Hollywood Reporter’s new cover story interview with actress Natalie Portman may be one of the most heavily Jewish-themed articles the magazine has ever published.
In it, the Israel-born Portman, who’s preparing for the May 18 debut of her film adaptation of Israeli author Amos Oz’s “A Tale of Love and Darkness,” which was shot in Jerusalem, talks about everything from Israeli Prime Minister Benjamin Netanyahu (she’s not a fan) to anti-Semitism in Paris, where she now lives, to reading Bible stories with her 3 ½-year-old son, Aleph.
Here’s some highlights from the interview with the 33-year-old star, director and screenplay writer:
On Netanyahu: “I’m very much against Netanyahu. Against. I am very, very upset and disappointed that he was re-elected. I find his racist comments horrific. However, I don’t — what I want to make sure is, I don’t want to use my platform [the wrong way]. I feel like there’s some people who become prominent, and then it’s out in the foreign press. You know, shit on Israel. I do not. I don’t want to do that.”
On whether she’s nervous about being Jewish in Paris (she moved there because hubby Benjamin Millepied is French) after the Hyper Cacher attack: “Yes, but I’d feel nervous being a black man in this country. I’d feel nervous being a Muslim in many places.”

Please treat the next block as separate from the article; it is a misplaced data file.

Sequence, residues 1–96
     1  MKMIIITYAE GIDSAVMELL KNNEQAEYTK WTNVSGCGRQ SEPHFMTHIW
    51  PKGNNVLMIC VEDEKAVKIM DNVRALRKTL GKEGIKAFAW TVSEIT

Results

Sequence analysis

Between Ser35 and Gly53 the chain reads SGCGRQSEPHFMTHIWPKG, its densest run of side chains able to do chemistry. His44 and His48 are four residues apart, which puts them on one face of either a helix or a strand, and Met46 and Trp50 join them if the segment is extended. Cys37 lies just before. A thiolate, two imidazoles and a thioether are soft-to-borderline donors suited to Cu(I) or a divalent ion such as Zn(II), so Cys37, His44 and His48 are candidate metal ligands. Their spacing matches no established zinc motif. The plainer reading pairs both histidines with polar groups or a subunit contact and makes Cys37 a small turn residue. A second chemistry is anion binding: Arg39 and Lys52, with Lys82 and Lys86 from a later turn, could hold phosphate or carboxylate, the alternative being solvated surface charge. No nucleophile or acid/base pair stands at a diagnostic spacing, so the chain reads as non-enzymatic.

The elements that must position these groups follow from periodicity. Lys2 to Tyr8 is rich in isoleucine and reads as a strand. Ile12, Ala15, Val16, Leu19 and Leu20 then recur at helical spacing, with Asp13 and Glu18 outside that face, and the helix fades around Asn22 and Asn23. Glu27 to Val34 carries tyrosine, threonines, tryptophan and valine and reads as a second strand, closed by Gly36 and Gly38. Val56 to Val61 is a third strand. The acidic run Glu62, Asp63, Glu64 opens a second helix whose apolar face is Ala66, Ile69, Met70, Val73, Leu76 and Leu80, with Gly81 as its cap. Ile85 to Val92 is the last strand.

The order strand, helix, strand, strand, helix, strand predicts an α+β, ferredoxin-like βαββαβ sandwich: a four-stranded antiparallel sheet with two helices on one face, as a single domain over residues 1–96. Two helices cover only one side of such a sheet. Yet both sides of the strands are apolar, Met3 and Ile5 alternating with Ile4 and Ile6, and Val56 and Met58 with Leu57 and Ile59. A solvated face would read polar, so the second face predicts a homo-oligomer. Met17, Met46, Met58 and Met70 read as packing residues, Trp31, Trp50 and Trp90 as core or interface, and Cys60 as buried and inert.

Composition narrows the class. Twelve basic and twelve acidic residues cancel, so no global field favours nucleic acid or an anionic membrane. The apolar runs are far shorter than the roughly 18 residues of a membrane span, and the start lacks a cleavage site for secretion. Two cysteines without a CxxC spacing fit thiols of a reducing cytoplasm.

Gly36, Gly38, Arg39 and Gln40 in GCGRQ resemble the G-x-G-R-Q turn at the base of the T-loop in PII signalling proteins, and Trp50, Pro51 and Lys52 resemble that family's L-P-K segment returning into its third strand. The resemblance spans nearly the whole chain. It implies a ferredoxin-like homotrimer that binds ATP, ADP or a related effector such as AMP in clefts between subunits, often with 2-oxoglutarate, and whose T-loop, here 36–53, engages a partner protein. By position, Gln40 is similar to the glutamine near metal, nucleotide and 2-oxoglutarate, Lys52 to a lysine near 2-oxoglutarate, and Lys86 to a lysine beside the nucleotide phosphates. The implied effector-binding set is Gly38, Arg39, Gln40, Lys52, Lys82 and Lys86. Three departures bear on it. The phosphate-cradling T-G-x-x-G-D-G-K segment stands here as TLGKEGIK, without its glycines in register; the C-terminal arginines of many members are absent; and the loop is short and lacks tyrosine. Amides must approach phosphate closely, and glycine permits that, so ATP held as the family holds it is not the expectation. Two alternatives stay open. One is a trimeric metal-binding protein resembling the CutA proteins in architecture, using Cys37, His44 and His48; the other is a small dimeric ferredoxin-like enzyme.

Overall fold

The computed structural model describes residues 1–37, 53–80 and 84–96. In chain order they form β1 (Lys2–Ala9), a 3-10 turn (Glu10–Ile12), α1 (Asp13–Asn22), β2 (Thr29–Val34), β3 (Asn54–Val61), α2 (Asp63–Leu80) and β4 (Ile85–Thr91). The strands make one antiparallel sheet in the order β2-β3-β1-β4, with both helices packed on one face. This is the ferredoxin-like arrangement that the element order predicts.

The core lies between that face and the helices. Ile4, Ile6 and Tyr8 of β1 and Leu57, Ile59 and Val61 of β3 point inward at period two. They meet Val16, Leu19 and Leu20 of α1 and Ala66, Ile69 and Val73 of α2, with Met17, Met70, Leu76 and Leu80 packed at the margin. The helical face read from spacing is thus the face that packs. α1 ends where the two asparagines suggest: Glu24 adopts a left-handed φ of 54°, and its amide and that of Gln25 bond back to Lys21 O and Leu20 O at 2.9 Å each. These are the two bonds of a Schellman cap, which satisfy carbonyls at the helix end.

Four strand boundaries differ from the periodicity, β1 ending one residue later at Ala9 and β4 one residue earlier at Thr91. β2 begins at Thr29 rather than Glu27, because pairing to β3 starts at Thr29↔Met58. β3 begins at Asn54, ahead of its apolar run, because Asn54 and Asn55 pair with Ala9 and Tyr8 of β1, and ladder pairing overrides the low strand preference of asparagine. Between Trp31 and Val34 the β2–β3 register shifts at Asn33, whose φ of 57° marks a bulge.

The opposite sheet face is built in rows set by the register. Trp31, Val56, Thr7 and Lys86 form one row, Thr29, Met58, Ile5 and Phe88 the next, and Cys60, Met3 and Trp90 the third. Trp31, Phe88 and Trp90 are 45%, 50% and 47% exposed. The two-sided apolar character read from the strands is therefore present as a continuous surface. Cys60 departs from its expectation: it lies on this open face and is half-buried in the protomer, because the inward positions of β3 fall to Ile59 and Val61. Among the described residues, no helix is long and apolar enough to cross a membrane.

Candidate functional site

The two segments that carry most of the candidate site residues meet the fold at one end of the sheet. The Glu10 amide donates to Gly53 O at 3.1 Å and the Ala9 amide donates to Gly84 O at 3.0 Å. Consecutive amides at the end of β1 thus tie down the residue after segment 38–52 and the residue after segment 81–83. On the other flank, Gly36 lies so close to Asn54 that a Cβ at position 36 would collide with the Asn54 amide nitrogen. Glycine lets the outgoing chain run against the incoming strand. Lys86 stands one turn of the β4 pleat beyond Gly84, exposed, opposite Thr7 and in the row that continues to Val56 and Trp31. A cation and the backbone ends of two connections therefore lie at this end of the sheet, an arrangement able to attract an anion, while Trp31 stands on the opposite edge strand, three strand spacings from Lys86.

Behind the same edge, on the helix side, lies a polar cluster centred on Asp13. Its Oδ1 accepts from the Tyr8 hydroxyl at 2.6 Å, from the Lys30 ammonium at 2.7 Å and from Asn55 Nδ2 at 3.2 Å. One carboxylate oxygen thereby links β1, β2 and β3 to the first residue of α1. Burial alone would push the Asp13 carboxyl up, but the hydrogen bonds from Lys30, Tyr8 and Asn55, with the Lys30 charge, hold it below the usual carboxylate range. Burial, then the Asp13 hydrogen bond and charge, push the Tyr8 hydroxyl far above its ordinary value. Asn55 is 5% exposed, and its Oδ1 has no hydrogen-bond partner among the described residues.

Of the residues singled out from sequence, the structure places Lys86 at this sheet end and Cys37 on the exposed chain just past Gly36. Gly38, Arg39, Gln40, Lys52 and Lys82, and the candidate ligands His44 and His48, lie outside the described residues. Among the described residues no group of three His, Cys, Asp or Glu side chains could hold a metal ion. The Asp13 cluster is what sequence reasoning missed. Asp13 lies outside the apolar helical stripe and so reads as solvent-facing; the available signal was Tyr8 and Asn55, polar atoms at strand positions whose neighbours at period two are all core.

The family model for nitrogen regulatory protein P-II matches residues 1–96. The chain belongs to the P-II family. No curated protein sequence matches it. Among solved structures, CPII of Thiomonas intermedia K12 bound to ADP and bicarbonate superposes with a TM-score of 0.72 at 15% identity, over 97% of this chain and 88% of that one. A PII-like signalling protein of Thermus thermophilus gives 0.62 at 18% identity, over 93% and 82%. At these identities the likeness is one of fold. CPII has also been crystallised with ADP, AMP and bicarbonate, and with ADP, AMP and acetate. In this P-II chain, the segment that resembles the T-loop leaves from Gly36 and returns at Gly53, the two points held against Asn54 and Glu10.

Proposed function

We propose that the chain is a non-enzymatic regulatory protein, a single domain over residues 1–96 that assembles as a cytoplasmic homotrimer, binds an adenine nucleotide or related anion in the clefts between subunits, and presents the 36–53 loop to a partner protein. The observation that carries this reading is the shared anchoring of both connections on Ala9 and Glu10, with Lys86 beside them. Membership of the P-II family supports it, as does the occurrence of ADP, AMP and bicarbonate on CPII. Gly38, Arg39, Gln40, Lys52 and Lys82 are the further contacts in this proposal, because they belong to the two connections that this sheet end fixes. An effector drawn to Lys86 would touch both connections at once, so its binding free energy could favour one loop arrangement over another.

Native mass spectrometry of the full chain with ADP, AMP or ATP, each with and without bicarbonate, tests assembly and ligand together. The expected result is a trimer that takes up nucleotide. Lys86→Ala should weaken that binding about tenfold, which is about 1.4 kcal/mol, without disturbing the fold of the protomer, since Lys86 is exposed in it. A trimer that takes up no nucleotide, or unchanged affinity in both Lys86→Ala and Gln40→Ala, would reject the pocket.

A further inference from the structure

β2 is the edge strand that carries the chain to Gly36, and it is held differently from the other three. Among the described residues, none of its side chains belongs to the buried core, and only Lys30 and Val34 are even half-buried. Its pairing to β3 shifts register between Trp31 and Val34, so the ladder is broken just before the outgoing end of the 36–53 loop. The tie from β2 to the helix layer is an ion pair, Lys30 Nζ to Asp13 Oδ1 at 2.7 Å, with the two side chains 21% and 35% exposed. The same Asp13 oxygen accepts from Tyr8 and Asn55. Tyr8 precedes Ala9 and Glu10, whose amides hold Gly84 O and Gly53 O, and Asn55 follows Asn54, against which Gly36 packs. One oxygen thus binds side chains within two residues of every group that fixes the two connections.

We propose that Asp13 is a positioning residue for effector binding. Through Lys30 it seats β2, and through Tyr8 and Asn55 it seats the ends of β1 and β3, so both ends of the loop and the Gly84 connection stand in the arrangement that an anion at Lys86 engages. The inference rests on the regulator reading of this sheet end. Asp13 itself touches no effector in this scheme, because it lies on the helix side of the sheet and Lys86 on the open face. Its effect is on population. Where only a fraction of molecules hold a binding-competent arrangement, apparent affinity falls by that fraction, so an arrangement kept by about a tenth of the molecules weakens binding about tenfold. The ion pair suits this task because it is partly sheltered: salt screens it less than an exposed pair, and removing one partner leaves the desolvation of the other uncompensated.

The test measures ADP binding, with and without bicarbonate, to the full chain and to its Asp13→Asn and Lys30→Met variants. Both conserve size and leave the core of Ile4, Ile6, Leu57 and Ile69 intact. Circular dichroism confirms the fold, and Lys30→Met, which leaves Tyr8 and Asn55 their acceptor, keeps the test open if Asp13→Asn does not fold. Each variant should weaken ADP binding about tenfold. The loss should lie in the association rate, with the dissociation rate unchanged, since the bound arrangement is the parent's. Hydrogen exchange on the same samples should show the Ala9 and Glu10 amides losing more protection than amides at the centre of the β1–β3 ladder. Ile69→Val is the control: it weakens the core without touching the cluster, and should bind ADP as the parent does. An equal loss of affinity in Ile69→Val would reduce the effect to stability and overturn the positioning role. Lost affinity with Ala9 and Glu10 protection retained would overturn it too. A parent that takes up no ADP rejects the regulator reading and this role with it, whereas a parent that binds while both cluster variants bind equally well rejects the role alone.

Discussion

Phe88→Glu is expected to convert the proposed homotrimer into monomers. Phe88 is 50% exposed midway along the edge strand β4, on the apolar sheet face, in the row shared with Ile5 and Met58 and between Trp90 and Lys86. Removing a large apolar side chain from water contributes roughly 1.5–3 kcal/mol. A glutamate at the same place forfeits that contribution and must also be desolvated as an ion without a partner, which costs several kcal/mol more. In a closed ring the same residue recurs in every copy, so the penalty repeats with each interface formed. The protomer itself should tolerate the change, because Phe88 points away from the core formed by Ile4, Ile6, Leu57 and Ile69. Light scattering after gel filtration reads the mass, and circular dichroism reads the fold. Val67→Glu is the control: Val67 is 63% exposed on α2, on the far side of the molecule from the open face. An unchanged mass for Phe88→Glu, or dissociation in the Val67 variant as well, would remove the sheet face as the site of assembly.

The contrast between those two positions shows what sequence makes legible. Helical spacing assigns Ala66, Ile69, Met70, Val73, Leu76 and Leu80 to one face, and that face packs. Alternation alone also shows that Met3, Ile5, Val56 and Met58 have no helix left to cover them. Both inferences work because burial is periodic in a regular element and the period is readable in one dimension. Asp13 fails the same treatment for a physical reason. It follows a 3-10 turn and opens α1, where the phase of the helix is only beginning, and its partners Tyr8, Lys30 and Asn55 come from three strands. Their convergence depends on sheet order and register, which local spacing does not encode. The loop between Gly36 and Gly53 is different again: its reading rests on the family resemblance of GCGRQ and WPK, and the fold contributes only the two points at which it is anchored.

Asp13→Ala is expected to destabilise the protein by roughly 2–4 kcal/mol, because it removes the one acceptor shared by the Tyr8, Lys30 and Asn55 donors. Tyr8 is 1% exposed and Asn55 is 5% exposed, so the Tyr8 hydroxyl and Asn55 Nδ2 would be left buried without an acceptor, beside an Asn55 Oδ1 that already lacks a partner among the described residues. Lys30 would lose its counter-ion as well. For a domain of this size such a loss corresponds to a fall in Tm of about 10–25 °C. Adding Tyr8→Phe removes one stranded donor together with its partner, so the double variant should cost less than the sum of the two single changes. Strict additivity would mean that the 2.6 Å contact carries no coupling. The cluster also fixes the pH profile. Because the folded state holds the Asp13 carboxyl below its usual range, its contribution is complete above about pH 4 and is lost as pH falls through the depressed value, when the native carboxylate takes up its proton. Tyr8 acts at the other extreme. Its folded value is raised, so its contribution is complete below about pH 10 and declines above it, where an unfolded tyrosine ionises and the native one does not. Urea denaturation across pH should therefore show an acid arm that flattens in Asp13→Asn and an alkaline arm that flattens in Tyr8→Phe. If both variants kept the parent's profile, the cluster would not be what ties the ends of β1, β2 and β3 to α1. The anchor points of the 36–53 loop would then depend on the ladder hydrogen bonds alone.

On why she decided to option Oz’s memoir and film it in Hebrew: “The language was really what [drew me], his obsession with words and the way words are connected in Hebrew, which has this incredible poetry and magic. It’s obviously almost impossible to translate, but there’s just incredible beauty to that. [Jews are] a people built of words, people built of books, and it’s quite beautiful to see that, which is a strange thing to start for a movie.”
On why she doesn’t display her Oscar (for Best Actress in “Black Swan”): “I was reading the story of Abraham to my child and talking about, like, not worshipping false idols. And this is literally like gold men. This is literally worshipping gold idols — if you worship it. That’s why it’s not displayed on the wall. It’s a false idol.”
On Harvard Law professor and Israel advocate Alan Dershowitz, for whom she worked while an undergrad at the Ivy League school: “He has quite different politics than I do, but I really, really like him. He’s a very good friend. We just have different opinions.”